The stock of Asian Paints, one of the leading paint makers in the country, rallied nearly 32% in the past year. Thanks to the re-opening of the economy from Covid related restrictions, pick-up in real estate demand, the release of pent-up demand, and lower crude oil prices (in the first two quarters of 2021) have helped the company. Raw materials of paints are derived from crude oil.
The rising crude oil prices due to the Ukraine-Russia conflict and concerns over inflation (with Fed rate hike), and the possibility of crude-oil supply constraints have dragged the performance of Asian Paints. In the past six months, the stock of Asian Paints was down 6% (since January this year, it’s down 11%).
So why does the stock of Asian Paints attract investors’ attention? The stock is known for its resilience and steady returns over a long period.
But that’s not all. Let’s understand Asian Paints better.
Asian Paints is considered a market leader in the Indian paint industry with operations spread across 15 countries. It has 26 manufacturing plants globally (including plants in India).
While Asian Paints derives 70-80% of revenue from paint manufacturing, the company is also into chemicals, wall covering, waterproofing, adhesives, sanitisers and kitchen and bath fittings.
Asian Paints commands nearly 50% market share in the domestic paint market. And slightly over 60% market share in decorative paints business segment (mainstay business) in the country. Its product range and extensive distribution network are strong points for its market dominance.
Its size in the scale of operations, brand positioning, pricing and the company’s fundamentals plays a crucial role in attracting investors from various categories.
Asian Paints’ promoters and promoter groups hold about 53% of the stake in the company as per the recent shareholding pattern (December 2021). Individuals with shareholding up to Rs 2 lakh (retail investors) hold up to 12%, and institutions hold 28% of the company’s stake and others hold about 7%.
The shareholding pattern of Asian Paints had been on similar lines for an extended period.
Here is why Asian Paints hold investors’ attention.
Asian Paints is considered a market leader in the paint industry in India, commanding 50% of the market share. Here are a few points that support this:
Asian Paints has one of the largest dealer networks with over 70,000 dealers with over 6 lakh retailers compared to its peers in India. For instance, Berger Paints, a close competitor for Asian Paints, has a distribution network of around 25,000 dealers. Further, additional investments in technology and distribution channels helped Asian Paints speedy distribution of paints to its dealers.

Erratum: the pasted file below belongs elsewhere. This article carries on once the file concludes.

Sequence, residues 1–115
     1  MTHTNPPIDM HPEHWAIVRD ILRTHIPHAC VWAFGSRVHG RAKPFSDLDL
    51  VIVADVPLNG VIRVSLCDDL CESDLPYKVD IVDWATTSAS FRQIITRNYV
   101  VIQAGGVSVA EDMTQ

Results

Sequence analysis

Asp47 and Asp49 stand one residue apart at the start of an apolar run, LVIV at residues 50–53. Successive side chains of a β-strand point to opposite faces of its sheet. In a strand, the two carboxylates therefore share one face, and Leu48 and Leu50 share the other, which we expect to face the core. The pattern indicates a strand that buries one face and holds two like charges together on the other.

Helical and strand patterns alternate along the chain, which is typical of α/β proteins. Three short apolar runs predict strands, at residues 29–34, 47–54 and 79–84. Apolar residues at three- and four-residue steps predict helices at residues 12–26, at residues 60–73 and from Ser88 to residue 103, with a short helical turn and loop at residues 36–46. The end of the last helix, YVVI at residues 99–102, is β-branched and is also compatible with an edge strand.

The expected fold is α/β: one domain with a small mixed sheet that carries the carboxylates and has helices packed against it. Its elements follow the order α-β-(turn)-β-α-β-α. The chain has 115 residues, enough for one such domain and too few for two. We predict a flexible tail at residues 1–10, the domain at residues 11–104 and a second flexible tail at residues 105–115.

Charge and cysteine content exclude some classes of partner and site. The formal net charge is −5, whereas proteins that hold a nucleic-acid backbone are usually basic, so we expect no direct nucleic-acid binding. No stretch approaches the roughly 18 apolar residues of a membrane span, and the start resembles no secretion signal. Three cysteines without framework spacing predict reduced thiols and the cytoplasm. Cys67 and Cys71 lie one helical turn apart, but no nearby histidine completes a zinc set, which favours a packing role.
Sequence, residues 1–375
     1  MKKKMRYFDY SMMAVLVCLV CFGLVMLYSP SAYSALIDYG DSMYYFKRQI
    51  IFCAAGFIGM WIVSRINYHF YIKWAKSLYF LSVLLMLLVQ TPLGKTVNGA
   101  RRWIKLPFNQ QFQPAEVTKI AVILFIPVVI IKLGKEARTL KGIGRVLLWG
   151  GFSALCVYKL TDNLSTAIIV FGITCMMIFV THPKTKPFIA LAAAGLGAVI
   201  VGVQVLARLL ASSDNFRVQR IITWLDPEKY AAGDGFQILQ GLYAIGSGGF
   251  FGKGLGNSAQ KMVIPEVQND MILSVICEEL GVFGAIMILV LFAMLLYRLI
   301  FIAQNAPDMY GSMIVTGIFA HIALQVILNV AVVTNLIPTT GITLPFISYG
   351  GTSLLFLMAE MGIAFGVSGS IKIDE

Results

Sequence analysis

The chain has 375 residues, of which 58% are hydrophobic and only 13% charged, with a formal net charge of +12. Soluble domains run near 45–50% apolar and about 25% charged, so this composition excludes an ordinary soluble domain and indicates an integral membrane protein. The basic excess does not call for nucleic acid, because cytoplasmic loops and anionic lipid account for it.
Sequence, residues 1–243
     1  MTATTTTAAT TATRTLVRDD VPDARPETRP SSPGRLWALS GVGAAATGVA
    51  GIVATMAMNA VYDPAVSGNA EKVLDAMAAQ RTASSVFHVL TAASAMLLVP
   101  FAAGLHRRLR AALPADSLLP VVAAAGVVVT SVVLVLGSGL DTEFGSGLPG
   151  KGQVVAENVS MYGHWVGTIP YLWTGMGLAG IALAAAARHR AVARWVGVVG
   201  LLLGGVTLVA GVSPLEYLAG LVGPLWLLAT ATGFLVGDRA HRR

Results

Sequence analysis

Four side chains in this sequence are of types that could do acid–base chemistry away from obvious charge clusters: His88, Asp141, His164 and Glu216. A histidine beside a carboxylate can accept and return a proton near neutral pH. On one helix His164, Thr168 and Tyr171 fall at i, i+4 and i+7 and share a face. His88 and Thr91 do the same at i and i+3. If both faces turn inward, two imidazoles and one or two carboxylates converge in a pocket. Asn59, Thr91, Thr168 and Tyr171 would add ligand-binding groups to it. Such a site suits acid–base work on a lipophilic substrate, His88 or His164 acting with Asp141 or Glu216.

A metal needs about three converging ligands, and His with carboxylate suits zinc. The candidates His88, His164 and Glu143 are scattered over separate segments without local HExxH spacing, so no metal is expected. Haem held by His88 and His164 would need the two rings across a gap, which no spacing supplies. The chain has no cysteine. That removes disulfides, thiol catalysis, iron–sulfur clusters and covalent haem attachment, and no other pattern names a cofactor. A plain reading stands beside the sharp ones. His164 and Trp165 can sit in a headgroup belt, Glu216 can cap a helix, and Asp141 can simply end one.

Asian Paints has invested in technology that helps achieve operational efficiency. According to multiple reports, this has allowed Asian Paints to keep the price hike (whenever required) to dealers bare minimum, unlike competitors. The distribution network and pricing advantage have helped Asian Paints penetrate the Indian markets better than its peers.
Asian Paints derives nearly 84% of its revenue from the decorative paint business segment. The remaining revenue of around 20% comes from international business, industrial paints, and home improvement business segments.
Under the decorative paints segment, the company offers a premium range of products such as Royale Aspira, Royale Health Shield, and Royale Atmos. It also has economy range of paints.
Asian Paints’ economy range (including putty, distempers, and primer) helped it to maintain its topline during the 2020 lockdown. After the lockdown was lifted, sales of other categories picked up, especially anti-bacterial protection products such as Royale Health Shield have started improving.
In the recent December quarter of FY22, the company reported 33% volume growth in the decorative business (domestic), while in the September quarter of FY22, the volume growth was 11%.
The industrial paints segment consists mainly of powder and protective coatings, industrial coatings, and resin manufacturing. These cater to primarily automobiles and coatings for industrials such as metal components, railings etc.
During Covid-induced economic slowdown, industrial paints faced sluggish demand. But the decorative segment was able to cushion the blow on revenue.
With the recovery witnessed in the auto industry and other industries, the industrial paint segment across paint makers could see improvement as well.
The recent December quarter of FY22 show some positive signs already, where the company registered double-digit volume growth.
Asian Paints reported annual average revenue growth of 8% (CAGR) between FY21 and FY17. And its profit during the same period grew around 13%. During this period, the company’s borrowings had been stable. The company maintains its debt-to-equity ratio at less than 1 time. It is an indication that the balance sheet of the company is healthy.
In the December quarter of FY22, Asian Paints’ revenue rose 25% y-o-y. Profit fell 18% y-o-y during the same period.
Raw materials costs account for about 50% of its revenue (nearly 55-58% of its total expenses). So, any increase in this, affects the operating profits and puts pressure on the margin.
Recently, the company has taken a price hike (of 15-18%) across its product segments to compensate for the increase in raw material costs. According to the management, the hike’s impact can be realised in the next quarter.
According to media reports, India is the world’s third-largest consumer of paints (by volume) and is expected to grow in the coming years. There are a few reasons for the same.
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Research Analyst: Bavadharini KS